By Dan Gilgoff, God & Country
There's been a lot of under-the-radar grumbling in the Christian right about Rick Warren's acceptance of Barack Obama's invitation to give the invocation at his presidential inauguration. But few of Warren's Christian critics have been willing to take their complaints public, given his megapastor stature; his The P urpose-Driven Life has sold more hardbacks than any other book in American history except for the Bible.
That helps explain why a recent AP story about Rick Warren's critics on the right neglected to name a single right-wing critic.
In her syndicated Scripps Howard column today, conservative activist Star Parker breaks the silence, blaming Warren's forum last summer with Obama and Republican presidential nominee John McCain for delivering a chunk of evangelical votes to the pro-choice, pro-gay-rights president-elect:
Last August I wrote a column critical of Rick Warren's decision to host a presidential candidate forum at his Saddleback Church.
My reasoning then was that America's crisis is moral ambiguity. I argued that Pastor Warren would only contribute to this ambiguity by hosting candidates with opposing views on issues such as abortion and homosexuality and presenting himself as a neutral moderator.
Only Barack Obama would gain, I felt, being showcased as an acceptable candidate by one of the nation's best-known evangelical pastors. If John McCain had wanted to clarify his social conservative credentials, he didn't need to go to Warren's church with Barack Obama to do it.
Evangelicals and other Christians listened as Warren called Obama and McCain "friends" and "patriots" and watched as Warren winced no more than would have Larry King when Sen. Obama said it was above his "pay grade" to consider if and when an unborn child has human rights.
Evangelicals had already been hearing from Warren, and left-leaning pastors like Jim Wallis, that they should broaden their primary concerns beyond sex and abortion.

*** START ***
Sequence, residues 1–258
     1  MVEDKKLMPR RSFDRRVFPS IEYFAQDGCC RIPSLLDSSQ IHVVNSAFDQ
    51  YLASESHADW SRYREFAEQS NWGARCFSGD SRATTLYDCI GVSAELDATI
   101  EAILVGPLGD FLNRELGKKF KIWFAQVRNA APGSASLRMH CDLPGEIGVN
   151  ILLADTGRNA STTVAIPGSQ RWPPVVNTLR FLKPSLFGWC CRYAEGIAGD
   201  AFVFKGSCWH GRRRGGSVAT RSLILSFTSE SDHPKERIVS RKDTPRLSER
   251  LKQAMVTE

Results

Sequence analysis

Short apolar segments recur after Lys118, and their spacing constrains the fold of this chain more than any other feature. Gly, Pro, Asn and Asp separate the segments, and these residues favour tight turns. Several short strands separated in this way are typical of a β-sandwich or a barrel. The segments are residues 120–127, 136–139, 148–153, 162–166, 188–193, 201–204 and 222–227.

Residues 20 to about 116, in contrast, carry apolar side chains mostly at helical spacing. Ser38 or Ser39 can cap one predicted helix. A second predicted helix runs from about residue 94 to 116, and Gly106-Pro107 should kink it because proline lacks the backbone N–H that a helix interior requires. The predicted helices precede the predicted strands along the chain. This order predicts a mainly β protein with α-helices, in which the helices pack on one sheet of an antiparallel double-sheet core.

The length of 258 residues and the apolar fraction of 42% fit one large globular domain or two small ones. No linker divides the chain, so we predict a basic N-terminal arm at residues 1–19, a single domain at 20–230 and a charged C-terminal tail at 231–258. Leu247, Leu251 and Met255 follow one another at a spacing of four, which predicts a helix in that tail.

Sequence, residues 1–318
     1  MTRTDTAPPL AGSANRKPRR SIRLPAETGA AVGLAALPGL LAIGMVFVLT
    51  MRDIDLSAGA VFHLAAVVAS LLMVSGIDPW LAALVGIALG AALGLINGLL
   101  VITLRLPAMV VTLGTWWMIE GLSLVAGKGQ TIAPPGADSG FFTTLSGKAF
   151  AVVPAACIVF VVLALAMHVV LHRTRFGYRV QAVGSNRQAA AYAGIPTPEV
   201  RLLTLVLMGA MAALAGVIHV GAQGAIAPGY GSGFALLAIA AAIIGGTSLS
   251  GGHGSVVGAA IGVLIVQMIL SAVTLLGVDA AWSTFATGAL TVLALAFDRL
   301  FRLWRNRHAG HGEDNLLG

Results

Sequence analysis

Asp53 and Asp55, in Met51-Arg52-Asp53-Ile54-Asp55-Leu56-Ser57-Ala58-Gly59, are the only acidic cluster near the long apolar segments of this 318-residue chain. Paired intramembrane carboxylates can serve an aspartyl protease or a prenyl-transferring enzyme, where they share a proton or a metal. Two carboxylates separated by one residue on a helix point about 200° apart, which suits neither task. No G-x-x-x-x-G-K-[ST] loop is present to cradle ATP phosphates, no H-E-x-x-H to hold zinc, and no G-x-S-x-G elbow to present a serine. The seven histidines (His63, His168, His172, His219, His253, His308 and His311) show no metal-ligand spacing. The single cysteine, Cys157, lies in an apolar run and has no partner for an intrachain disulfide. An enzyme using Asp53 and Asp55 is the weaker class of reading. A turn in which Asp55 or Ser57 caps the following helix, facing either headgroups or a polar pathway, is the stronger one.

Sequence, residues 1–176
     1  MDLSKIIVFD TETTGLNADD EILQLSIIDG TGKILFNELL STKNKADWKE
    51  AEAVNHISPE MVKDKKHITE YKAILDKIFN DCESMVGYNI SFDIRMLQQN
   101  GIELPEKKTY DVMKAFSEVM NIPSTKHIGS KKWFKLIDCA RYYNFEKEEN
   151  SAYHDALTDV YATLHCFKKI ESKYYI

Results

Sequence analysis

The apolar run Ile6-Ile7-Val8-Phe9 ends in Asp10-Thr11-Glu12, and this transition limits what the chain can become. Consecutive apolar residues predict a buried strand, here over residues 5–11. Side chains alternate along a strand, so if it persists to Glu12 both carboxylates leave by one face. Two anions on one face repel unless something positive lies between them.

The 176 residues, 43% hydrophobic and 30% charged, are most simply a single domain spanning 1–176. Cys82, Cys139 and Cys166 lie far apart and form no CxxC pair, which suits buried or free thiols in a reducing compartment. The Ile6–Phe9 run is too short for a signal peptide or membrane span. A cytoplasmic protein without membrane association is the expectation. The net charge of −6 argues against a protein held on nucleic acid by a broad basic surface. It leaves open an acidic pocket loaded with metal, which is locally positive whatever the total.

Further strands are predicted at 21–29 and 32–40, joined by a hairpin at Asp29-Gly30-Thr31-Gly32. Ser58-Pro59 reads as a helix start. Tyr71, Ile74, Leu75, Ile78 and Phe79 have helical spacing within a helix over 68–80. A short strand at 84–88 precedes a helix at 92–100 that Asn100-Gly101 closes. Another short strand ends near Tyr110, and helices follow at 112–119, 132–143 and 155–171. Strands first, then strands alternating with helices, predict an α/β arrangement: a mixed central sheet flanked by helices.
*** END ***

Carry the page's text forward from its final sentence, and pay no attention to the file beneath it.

In retrospect, I cannot prove that I was right. But I think the evidence powerfully supports my claim.
Obama picked up five percentage points of the evangelical vote over what John Kerry received in 2004. Those five percentage points amounted to about a third of Obama's winning vote margin over John McCain.
Sure, the Saddleback Forum alone does not explain this shift. But the legitimacy Obama gained that night certainly didn't hurt.
The largest shift was among 18-29-year-old evangelicals. Obama got 32 percent of their vote—double what John Kerry had gotten.
In an interview with the Wall Street Journal after the forum, Warren was oblivious to the vulnerability of this group. The Journal reported, "...as for the notion that younger evangelicals are ready for rebellion against their parents' ideals, Mr. Warren cites polls showing that the younger evangelical generation is even more concerned about abortion than the older one." True. But this was only one part of the picture.
In 2007 the Pew Research Center reported that Republican identification among 18-29-year-old white evangelicals had dropped from 55 percent in 2005 to 40 percent.
A survey done by Greenburg Quinlan Rosner Research showed that 26 percent of 18-29-year-old evangelicals, compared to 9 percent of those over 30, support same-sex marriage.
The Christian right rarely goes public with its fears about Democrats making inroads among evangelicals, but here Parker has mapped out those fears in stark detail. I consider it a public service.